IV Cinvanti Approved to Treat Chemotherapy-Induced Nausea and Vomiting
Another agent – Cinvanti (aprepitant) injectable emulsion – was approved by the Food and Drug Administration (FDA) to treat chemotherapy-induced nausea/vomiting (CINV).
The drug will be used in combination with other antiemetic agents, for the prevention of acute and delayed nausea and vomiting associated with initial and repeat courses of highly emetogenic cancer chemotherapy (HEC) including high-dose cisplatin and nausea and vomiting associated with initial and repeat courses of moderately emetogenic cancer chemotherapy (MEC), according to Heron Therapeutics, the manufacturer of the P/neurokinin-1 (NK1) receptor antagonist.
“CINV remains a high unmet medical need in the oncology community, and five full days of CINV coverage continues to be our goal. NK1 receptor antagonists are recommended for routine use with HEC and are a recommended option with MEC. Despite this, NK1 receptor antagonists are underutilized in CINV. This provides a large opportunity for CINVANTI to help more patients avoid CINV and adhere to their chemotherapy regimens,” said Jeffrey F. Patton, M.D., Chief Executive Officer of Tennessee Oncology in a statement.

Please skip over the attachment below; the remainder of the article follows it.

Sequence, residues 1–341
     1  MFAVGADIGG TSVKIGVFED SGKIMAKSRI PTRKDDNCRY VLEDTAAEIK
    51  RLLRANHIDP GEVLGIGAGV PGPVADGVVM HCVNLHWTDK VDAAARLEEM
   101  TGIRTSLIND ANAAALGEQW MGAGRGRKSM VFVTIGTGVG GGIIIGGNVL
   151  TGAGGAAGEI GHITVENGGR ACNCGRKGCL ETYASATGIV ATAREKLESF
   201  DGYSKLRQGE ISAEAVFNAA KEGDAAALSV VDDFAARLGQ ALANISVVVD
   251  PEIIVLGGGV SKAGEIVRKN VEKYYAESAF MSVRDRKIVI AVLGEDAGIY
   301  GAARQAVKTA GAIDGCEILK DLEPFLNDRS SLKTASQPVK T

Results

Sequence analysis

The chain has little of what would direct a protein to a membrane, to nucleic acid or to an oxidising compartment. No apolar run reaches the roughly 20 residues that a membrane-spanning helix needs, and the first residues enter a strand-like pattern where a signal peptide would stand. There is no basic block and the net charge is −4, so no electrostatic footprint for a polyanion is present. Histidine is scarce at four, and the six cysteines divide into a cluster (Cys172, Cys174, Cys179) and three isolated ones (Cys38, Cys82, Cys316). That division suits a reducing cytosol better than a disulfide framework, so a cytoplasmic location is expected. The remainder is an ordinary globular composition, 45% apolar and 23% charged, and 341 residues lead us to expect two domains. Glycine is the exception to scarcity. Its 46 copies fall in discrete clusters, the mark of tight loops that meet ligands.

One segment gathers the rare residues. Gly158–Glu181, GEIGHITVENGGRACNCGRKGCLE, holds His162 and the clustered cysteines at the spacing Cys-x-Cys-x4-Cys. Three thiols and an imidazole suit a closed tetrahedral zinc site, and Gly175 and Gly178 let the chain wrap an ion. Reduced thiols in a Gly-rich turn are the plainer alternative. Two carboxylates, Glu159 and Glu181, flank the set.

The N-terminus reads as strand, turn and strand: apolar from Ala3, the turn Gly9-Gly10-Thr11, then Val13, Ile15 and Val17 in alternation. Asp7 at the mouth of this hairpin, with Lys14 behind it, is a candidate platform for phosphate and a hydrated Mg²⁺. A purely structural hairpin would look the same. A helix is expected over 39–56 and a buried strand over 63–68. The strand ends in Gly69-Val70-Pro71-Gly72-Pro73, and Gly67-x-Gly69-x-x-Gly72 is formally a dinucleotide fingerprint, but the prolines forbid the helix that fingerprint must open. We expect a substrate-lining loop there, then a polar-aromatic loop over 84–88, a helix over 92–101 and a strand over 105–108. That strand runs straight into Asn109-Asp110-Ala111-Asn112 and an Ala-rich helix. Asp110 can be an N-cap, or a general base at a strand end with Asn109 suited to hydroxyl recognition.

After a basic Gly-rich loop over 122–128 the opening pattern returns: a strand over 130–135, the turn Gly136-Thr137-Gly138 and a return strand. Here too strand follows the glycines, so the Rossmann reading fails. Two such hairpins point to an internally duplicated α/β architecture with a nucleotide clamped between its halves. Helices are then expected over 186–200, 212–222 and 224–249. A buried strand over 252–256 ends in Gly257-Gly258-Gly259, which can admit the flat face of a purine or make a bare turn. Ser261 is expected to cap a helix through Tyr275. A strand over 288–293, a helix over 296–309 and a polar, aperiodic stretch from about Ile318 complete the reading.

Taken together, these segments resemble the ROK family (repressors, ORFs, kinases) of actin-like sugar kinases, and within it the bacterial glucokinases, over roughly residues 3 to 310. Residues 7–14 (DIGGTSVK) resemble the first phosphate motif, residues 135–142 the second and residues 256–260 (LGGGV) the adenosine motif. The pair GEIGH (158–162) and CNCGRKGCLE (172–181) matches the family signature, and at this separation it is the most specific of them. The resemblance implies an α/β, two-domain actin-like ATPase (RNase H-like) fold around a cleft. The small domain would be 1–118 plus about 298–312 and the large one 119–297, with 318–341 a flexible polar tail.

Cinvanti is the first-approved neurokinin-1 (NK1) receptor antagonist that does not have polysorbate 80, which frequently causes allergic reactions that may make patients unable to take another anti-emetic.
The approval comes after two pivotal randomized, cross-over bioequivalence studies of Cinvanti and Emend IV (fosaprepitant) – the bioequivalent of Cinvanti – showed subjects receiving Cinvanti reported fewer adverse events than those receiving Emend IV, including substantially fewer infusion-site reactions. The drug proved to be effective in combatting acute and delayed CINV after patients received HEC or MEC.
“Aprepitant has long been the standard in the NK1 class and it remains the only single-agent NK1 with proven efficacy in preventing CINV in both the acute and delayed phases in HEC and MEC. Because CINVANTI is a novel, polysorbate 80-free IV formulation of aprepitant, it enables physicians to provide patients with standard-of-care efficacy without the potential risk of polysorbate 80-related adverse events, such as infusion-site reactions,” said Rudolph M. Navari, M.D., Ph.D., University of Alabama, Birmingham School of Medicine, Director, Cancer Care Program, Division of Hematology Oncology.
The commercial launch of the drug is planned for January 2018, according to Heron Therapeutics.